Home > Get Involved > Your Stories > Christine’s Story: It is love that matters

This is the story of my cancer journey. I was diagnosed at the age of 42 with early stage breast cancer. The cancer was in my right breast, but I choose to have a bi-lateral mastectomy with immediate reconstruction. Unfortunately, the reconstruction turned out to be a nightmare. I had six painful and emotionally draining surgeries. But eventually, I had my new breasts and the cancer was gone. It took two years to do that. It took another year to absorb all that had happened. By the fourth year, I had accepted it and was beginning to finally move on and stop being a recluse. I started to get out more, my young adult daughters where moving on with their lives and I became a grandmother. It seemed all was going to be ok.

It was the summer of 2011 when I noticed this small bump on my scalp, which wouldn't go away. Then, I noticed another one. Panic? No, not really. No one else was panicking, not even my doctors. A few months later, my right leg started to hurt. I limped around, picked it up to get out of the car and put all my weight on the other leg when climbing stairs. Still not worrying too much. Again, no one else seemed that concerned. "Oh, you're getting old. It's probably just arthritis!" I would hear. I finally saw a dermatologist for the bumps on my scalp and she said go to the surgeon and have them removed and biopsied. I was not happy about having to go in for surgery once again, but I did. One week later, back to the surgeon for the results. He walked in the room looking in his folder, glanced at me and said, "I'm sorry, it's cancer." Not just any cancer, but metastatic breast cancer. The cancer was in my spine, hips and pelvis, and had fractured my right femur. I thought I was going to die within a few months. I was terrified and cried myself to sleep many nights.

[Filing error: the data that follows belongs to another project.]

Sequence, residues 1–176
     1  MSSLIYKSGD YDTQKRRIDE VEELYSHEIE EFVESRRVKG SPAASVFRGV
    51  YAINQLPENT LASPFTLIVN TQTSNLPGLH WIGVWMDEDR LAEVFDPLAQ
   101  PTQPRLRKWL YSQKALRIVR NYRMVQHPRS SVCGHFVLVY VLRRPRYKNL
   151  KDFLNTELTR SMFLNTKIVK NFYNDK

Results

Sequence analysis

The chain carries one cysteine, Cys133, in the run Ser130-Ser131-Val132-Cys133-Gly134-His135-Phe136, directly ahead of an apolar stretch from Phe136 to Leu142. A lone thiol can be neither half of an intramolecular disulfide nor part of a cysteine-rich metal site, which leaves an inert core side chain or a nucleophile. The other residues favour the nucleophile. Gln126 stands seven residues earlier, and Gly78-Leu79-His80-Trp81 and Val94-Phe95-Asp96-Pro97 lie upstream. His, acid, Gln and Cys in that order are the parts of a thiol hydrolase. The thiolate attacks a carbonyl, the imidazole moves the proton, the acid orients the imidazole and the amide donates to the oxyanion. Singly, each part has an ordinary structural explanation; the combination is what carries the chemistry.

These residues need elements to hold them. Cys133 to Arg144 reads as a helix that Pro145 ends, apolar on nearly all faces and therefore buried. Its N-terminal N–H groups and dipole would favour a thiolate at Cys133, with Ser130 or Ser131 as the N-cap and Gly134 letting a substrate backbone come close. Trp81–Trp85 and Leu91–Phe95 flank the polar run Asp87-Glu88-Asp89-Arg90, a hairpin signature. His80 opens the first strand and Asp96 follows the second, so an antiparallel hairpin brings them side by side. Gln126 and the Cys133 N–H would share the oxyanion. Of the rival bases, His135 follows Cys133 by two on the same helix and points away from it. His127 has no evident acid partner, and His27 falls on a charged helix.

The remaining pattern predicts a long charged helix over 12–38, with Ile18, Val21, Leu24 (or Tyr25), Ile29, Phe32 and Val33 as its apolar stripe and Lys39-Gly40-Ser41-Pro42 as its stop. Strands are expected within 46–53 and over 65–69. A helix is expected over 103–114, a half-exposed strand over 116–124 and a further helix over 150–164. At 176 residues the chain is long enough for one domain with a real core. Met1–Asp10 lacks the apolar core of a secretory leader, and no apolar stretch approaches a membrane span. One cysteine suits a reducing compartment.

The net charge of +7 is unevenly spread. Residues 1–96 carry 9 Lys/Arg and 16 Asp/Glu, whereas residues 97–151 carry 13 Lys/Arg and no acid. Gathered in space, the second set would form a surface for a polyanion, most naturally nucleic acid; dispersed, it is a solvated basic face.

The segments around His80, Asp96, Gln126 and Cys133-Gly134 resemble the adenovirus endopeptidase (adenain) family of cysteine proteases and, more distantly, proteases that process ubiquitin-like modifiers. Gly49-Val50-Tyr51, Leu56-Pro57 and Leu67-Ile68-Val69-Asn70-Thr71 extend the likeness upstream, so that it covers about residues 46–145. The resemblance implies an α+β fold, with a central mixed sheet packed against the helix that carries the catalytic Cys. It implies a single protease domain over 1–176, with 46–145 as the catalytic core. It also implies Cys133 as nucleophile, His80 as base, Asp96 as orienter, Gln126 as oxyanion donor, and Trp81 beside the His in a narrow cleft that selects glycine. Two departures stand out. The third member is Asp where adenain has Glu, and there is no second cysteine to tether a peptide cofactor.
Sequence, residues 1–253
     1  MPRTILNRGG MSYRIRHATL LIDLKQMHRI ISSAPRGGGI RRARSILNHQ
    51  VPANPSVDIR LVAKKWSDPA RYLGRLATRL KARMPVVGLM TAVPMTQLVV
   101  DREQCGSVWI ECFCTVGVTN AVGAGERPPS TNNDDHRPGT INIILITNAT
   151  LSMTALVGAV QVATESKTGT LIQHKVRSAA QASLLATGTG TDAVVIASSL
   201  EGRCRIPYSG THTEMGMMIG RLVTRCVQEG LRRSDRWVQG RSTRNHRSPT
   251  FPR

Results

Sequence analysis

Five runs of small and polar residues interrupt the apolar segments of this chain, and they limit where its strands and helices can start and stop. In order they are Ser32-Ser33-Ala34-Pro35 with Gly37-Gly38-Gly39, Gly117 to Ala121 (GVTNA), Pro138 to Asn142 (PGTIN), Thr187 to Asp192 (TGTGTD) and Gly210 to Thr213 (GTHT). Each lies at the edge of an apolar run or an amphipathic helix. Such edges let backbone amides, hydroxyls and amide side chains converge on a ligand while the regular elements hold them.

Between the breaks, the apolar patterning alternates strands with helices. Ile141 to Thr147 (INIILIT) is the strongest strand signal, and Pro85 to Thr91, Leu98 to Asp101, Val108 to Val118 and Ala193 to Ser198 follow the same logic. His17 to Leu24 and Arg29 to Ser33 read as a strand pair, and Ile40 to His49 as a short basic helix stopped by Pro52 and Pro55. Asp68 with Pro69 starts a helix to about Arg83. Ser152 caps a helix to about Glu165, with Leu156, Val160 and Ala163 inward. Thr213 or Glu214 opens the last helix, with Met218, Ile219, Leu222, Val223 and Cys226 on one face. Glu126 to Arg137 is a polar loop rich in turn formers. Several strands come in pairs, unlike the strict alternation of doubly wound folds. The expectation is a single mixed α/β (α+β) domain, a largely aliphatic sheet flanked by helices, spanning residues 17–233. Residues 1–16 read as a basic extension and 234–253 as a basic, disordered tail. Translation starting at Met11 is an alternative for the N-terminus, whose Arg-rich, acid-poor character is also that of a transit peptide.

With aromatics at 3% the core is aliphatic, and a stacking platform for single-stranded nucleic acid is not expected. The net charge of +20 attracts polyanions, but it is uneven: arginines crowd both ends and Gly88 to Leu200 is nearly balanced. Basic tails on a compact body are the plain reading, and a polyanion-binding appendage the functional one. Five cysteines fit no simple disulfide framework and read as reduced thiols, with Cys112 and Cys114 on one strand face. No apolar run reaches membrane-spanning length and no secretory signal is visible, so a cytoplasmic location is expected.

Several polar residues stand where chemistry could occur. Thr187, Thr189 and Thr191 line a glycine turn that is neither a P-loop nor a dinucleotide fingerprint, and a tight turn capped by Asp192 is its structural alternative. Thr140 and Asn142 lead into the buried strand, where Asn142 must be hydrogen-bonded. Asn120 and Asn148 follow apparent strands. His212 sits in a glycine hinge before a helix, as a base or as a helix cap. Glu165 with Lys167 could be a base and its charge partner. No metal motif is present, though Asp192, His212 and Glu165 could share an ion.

One year and two months later, I'm still alive. My treatments have given me great results and the last scan I had basically showed no evidence of disease. I don't "fight" my cancer. I don't put on a "positive" face. I've accepted that this cancer is part of my life journey. This is what was meant for me, and I'm not angry anymore. I cradle it, nurture it, and speak kindly to it. I learn from it. It's my body, it's me and why would I want to battle it? I am by no means a weak person. This is just the attitude I choose to handle my own cancer and it seems to be working for me. We all have our own ways and that's ok. I'm grateful that this journey is teaching me to have more compassion and empathy for other people - whether they have a disease or not. We should all cherish our days and make wonderful memories with those we love, regardless. In the end, it's only love that matters. ?

» More Stories



Find us on Facebook